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Trump-Appointed Judge Almost Dissents and Cites Meatloaf While Criticizing ‘Silly’ Precedent in Unusual Opinion


A federal judge appointed by President Donald Trump authored something just shy of a dissent in a federal immigration case while invoking the pop singer Meatloaf and one of his better-known songs.

“I suppose one might argue that two out of three ain’t bad,” U.S. Circuit Judge Lawrence VanDyke wrote. “But even Meatloaf would find fault with our [immigration precedent] rule.”

The case is stylized as Sanchez Rosales v. Barr and concerns two Mexican nationals who broached the idea of applying for green cards with “a non-attorney notario named Carlos Lewis.” After that, Lewis filed asylum applications without consulting his clients and they were both ordered to appear for an immigration hearing in 2014.

Lewis advised them not to attend that hearing and they were ordered to be deported. Effectively, the duo followed their advocate’s legal advice and suffered the consequences for that error.

A motion and appeal of the deportation proceedings were timely filed and each was subsequently rejected by the Board of Immigration Appeals (BIA). Lewis, the plaintiffs insist, helped craft each of those failed attempts–himself failing to note his initial advice to not attend the hearing that prompted the deportation order in the first place.

After obtaining proper legal counsel, Israel Sanchez Rosales and Maria Antonia Martinez Hernandez Sanchez were finally able to mention that Lewis advised them against attending the original hearing. But the BIA again rejected their motion–claiming the plaintiffs had been unable to show “that they were prejudiced by ineffective assistance or fraud” and that they also failed to show “their return to Mexico would result in exceptional and extremely unusual hardship for their . . . children.” Notably, the couple’s children are U.S. citizens and live in the United States.

The U.S. Court of Appeals for the Ninth Circuit ruled in the couple’s favor–finding that the BIA made a clear error of law.

“We conclude that the BIA erred by treating Petitioners’ failure to show prejudice caused by the alleged ineffective assistance as a basis for denying their motion to reopen proceedings,” Judge Jennifer Choe-Groves noted. “A showing of prejudice is not required when ineffective assistance leads to an in absentia order of removal.”

Choe-Groves, a Barack Obama-appointed judge, actually sits on the U.S. Court of International Trade but was “sitting by designation” here.

While not a strictly a more typical dissent or concurrence, VanDyke signed off “dubitante” in order to doubt the holding in the case.

“The majority opinion correctly concludes that circuit precedent compels our result in this case,” he began, before citing the relevant precedent and admitting that it controls. “I write separately because that precedent is silly and well illustrates our court’s nasty habit of muddying immigration law and holding the BIA—an appellate body—to stilted standards to which we would never subject ourselves.”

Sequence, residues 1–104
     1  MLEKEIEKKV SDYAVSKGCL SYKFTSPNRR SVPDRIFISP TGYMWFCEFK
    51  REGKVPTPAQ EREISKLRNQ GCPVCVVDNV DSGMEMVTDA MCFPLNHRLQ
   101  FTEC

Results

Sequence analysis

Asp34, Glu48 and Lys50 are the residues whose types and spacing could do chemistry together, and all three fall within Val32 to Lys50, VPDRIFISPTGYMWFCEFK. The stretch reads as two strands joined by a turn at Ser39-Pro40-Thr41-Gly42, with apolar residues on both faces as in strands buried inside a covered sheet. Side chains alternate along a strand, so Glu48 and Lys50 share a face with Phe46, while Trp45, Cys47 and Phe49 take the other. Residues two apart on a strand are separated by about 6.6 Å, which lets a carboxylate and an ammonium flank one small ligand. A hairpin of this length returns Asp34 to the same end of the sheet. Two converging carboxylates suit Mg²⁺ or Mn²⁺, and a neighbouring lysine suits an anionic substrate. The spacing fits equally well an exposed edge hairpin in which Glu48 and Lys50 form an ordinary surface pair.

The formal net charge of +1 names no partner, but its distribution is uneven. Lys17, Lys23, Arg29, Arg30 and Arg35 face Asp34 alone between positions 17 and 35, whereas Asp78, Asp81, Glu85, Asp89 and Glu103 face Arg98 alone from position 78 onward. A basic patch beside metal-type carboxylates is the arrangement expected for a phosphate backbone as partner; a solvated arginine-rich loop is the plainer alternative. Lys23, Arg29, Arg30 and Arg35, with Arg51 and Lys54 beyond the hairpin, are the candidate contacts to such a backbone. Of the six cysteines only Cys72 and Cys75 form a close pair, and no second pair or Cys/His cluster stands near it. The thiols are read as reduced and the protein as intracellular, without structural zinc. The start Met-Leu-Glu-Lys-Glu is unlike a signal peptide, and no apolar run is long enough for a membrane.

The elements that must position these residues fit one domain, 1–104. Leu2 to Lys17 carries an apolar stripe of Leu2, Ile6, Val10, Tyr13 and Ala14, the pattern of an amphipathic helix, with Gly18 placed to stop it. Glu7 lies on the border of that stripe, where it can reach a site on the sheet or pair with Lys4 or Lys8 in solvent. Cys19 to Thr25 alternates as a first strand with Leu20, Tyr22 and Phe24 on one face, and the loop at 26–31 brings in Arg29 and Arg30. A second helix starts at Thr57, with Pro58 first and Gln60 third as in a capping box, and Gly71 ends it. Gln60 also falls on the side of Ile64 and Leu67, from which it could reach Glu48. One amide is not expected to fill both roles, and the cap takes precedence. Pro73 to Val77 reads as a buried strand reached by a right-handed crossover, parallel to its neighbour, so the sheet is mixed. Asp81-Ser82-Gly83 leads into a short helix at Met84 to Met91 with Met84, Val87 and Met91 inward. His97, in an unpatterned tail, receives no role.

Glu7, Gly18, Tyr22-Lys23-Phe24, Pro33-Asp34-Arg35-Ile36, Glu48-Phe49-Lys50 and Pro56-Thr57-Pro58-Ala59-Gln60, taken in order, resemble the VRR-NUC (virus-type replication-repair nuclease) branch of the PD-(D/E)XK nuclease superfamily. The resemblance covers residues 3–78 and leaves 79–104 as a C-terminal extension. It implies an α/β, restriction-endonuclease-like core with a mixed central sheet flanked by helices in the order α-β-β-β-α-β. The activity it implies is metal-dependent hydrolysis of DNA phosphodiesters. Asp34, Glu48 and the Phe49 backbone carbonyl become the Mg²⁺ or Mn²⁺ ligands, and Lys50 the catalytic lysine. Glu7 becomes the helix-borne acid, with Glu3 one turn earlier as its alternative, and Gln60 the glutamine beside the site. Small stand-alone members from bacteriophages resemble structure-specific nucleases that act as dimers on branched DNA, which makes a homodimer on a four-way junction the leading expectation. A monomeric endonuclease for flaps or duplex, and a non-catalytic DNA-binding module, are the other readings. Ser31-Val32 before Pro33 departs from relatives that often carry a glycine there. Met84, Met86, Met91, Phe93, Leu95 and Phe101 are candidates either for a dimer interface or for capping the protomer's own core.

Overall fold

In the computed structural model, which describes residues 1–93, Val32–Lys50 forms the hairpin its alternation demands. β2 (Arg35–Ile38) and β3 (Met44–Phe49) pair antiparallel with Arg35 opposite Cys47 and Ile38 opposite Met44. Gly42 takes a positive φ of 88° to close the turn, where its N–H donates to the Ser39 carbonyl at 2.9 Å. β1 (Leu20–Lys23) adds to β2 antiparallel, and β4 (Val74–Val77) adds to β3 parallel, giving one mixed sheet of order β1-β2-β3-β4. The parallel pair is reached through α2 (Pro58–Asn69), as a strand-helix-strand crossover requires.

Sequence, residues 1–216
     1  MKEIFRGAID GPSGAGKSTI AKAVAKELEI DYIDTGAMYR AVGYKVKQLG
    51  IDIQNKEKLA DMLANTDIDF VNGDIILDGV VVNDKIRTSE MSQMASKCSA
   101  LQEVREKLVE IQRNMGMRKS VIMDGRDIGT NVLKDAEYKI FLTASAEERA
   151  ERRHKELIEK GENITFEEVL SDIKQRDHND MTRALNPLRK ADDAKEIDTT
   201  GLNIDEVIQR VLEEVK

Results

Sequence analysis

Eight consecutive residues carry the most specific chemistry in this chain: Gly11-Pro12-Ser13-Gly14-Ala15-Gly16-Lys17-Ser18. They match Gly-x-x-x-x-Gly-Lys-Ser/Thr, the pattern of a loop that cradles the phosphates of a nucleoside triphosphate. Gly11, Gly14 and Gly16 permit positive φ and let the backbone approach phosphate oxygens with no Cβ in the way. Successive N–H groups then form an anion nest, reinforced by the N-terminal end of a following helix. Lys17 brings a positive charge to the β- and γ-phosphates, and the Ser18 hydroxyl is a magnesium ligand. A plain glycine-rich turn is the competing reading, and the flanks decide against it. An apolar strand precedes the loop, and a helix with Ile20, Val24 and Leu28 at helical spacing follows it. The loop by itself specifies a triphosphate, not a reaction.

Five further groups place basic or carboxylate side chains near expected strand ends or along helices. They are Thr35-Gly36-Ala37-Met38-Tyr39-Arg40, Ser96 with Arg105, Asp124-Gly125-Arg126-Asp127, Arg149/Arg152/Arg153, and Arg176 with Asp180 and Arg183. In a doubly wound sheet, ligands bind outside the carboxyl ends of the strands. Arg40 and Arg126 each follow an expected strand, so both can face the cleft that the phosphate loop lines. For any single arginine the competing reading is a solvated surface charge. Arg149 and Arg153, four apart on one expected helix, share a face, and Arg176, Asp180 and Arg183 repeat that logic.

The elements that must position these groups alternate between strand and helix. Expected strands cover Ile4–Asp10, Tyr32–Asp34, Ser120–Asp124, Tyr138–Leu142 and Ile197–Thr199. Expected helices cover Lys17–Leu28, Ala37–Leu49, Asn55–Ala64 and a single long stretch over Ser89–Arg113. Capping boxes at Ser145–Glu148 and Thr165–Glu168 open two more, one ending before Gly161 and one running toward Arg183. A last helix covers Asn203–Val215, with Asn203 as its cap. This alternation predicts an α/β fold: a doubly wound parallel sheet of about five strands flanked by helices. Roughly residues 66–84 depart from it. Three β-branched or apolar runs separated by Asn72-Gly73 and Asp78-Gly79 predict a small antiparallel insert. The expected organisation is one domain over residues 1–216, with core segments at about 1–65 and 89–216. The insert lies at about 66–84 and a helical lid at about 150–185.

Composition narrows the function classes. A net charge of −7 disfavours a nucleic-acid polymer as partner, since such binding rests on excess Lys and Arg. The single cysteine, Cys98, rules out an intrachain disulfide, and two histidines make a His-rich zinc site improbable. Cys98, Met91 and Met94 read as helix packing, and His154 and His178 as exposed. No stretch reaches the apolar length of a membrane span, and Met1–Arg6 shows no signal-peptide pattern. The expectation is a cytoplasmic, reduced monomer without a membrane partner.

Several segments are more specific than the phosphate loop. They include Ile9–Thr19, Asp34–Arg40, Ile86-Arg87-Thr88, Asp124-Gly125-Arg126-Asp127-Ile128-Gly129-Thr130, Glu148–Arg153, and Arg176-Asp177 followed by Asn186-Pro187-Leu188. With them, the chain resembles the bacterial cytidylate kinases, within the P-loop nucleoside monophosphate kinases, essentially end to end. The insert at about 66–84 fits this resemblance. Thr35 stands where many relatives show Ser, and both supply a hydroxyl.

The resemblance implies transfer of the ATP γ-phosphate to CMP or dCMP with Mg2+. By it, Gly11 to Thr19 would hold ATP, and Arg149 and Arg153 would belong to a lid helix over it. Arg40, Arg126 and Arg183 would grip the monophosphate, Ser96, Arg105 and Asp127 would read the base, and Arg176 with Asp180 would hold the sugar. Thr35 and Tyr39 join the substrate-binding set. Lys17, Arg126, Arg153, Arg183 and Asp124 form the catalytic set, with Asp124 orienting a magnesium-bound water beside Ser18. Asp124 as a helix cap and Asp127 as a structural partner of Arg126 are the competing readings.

VanDyke went on to note that the Ninth Circuit’s immigration jurisprudence on Fifth Amendment issues is somewhat all over the place because the precedents are based on an out-dated–repealed–law and a similar case that runs counter to the decision the court reached. He also cited another fairly recent Ninth Circuit decision on similar questions that reached the exact opposite decision.

Here’s a tidy summary of those cases:

To sum up, a dubious and incomplete picture of BIA precedents was ratcheted into a rule supposedly meant to replicate exactly what the BIA was doing. Now, we’re applying that rule to reverse the BIA for not doing the thing they apparently did so often we decided to do it, too. And we have to apply it even though this court in Singh-Bhathal rejected an ineffective assistance claim indistinguishable from the one in this case. As my colleague remarked about another anomalous rule in a different corner of our immigration law, the rule our panel is forced to apply in this case—like so many of our court’s immigration precedents— is “dumb, dumb, dumb.”

“This type of absurdity is regular fare in our immigration cases,” he opined. “Our circuit’s immigration jurisprudence is a hot mess. It’s sharply at odds with the text and purposes of immigration law.”

In an unforced fit of judicial realism, however, VanDyke spoke one of the tell-tale secrets about how U.S. judges actually interpret the law:

[O]ur jurisprudence betrays the nasty habit of acknowledging only those precedents that support the needs (and desired result) of the moment—that being to overturn the BIA.

VanDyke was nominated for the lifetime judgeship in September of 2019. A controversial series of reports ensued after the American Bar Association rated him “not qualified” and cited evidence that VanDyke might not be “fair to persons who are gay, lesbian, or otherwise part of the LGBTQ community.” Conservatives called that a “political drive-by shooting,” and VanDyke tearfully denied the accusation of bigotry during confirmation hearings. VanDyke was then confirmed by the U.S. Senate in December of 2019.

[image via screengrab/YouTube]

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